I'll search for the Setright articles. User: KVDP 08:42, 7 September 2011 (UTC)
If you go back to 1900 and blowing engines for blast furnaces, you can find huge low-pressure air compressors that used actuated valves (i.e. camshaft or similar) for air compressors. For anything faster or higher pressure though, self-actuated valves with springs are how it's done. Andy Dingley (talk) 10:56, 6 September 2011 (UTC)
I'll see whether I can find more information, if indeed the compressor design is useful to make (as you explained earlier, ie in regards to efficiency)

User: KVDP 08:42, 7 September 2011 (UTC)

Category:Ball bearings into Category:bearings or Category:Rolling element bearings[edit]

Hi Andy! Did you (or your bot) undo the changes, revision 59299672, per COMMONNAME Undo as it says? what does it mean? I meant to clean up the Category:Bearings.Ball bearings and roller bearings were grouped up in Rolling element bearings which was included in bearings, so no extra link was necessary, no? Or what about putting ball and roller bearings right in bearing category? Cheers --Carnaubo (talk) 17:15, 12 September 2011 (UTC)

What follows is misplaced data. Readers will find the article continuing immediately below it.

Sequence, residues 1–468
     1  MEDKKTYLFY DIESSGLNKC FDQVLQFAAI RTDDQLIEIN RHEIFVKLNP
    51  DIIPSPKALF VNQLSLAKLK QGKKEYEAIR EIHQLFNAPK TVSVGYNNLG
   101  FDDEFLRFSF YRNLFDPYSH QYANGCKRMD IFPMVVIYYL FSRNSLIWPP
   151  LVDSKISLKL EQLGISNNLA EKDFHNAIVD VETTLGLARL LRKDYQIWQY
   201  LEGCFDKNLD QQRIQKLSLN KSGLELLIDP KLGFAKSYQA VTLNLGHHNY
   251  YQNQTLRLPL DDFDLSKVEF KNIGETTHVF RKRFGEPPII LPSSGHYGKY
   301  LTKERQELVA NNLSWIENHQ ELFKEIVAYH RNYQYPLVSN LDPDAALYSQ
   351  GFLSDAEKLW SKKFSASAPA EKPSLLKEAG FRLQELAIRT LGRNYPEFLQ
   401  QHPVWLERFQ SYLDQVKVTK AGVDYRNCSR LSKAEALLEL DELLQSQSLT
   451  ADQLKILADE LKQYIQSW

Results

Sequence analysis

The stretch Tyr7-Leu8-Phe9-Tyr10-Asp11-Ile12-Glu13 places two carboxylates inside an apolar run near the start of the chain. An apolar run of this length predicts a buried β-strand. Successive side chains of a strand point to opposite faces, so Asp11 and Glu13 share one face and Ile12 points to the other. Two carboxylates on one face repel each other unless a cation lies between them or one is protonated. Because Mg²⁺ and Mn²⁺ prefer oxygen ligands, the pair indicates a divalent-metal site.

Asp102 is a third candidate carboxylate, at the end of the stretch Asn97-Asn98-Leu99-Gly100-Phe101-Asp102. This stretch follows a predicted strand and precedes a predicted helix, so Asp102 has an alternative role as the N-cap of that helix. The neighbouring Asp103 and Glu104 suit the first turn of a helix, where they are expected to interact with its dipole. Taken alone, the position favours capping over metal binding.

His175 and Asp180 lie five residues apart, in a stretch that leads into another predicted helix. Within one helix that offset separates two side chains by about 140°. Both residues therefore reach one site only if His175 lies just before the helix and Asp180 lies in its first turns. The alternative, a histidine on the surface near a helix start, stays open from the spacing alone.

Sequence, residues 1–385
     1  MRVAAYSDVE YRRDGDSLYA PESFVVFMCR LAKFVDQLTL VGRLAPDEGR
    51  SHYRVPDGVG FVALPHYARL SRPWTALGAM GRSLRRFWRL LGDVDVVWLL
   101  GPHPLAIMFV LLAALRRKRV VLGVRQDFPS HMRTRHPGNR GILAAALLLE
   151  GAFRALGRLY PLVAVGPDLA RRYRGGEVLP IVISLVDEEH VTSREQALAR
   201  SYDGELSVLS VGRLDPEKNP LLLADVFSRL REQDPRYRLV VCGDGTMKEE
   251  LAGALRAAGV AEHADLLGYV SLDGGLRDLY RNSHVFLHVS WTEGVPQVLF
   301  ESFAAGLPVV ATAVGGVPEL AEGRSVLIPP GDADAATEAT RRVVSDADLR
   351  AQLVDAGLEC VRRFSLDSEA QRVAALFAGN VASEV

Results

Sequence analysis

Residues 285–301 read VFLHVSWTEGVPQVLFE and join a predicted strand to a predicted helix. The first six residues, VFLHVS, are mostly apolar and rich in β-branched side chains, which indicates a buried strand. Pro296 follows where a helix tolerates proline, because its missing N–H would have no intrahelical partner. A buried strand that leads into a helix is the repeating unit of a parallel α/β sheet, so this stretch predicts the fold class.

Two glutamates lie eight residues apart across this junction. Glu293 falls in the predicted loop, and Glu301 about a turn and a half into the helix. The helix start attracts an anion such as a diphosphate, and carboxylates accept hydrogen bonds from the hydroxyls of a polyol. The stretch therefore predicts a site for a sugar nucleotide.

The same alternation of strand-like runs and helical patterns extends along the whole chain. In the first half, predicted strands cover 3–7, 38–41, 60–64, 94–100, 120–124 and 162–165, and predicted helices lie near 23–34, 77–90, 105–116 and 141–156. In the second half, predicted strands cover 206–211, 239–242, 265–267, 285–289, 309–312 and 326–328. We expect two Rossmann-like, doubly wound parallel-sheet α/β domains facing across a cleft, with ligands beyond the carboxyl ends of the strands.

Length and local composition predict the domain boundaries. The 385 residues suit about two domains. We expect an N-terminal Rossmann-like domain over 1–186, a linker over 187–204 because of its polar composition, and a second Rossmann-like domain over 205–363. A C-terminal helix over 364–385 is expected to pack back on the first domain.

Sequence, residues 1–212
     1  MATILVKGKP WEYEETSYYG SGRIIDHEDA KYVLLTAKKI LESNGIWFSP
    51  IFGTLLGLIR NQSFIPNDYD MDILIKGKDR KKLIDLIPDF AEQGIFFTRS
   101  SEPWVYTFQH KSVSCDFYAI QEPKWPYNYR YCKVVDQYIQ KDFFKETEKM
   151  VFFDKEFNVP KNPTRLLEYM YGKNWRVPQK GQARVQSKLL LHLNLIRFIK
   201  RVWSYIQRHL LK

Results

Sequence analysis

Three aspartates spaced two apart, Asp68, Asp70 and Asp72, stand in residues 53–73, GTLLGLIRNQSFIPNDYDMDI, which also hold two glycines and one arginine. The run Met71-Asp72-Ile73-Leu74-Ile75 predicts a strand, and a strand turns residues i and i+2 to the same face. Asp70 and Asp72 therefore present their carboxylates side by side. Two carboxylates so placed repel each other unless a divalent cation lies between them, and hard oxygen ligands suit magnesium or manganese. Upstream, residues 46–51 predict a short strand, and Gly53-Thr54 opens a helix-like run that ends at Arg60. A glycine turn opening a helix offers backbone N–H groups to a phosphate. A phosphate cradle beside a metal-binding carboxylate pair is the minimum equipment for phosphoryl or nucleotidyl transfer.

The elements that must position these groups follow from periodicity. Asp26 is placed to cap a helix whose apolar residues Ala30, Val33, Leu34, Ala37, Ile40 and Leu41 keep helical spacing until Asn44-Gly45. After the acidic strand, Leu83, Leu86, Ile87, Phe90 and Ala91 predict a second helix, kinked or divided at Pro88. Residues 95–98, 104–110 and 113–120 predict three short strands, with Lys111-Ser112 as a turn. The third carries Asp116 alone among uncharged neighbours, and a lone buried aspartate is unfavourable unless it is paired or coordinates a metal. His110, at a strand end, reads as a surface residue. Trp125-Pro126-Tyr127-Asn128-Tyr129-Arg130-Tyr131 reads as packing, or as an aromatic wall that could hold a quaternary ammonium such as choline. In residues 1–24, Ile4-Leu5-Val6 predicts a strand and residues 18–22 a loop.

Wikipedia is an encyclopedia, its function is to explain things. Commons is a media repository, categorization exists so that people can find things.
Neither of these goals are to be a defining (and narrowly tree-structured) taxonomy of meanings.
Ball bearings are a major group within bearings, and a likely term that users will both search for, and will wish to find when browsing. It's thus reasonable to keep it in the main category, even if it's also a sub-sub-cat of it, via the not widely-known term of rolling element bearings.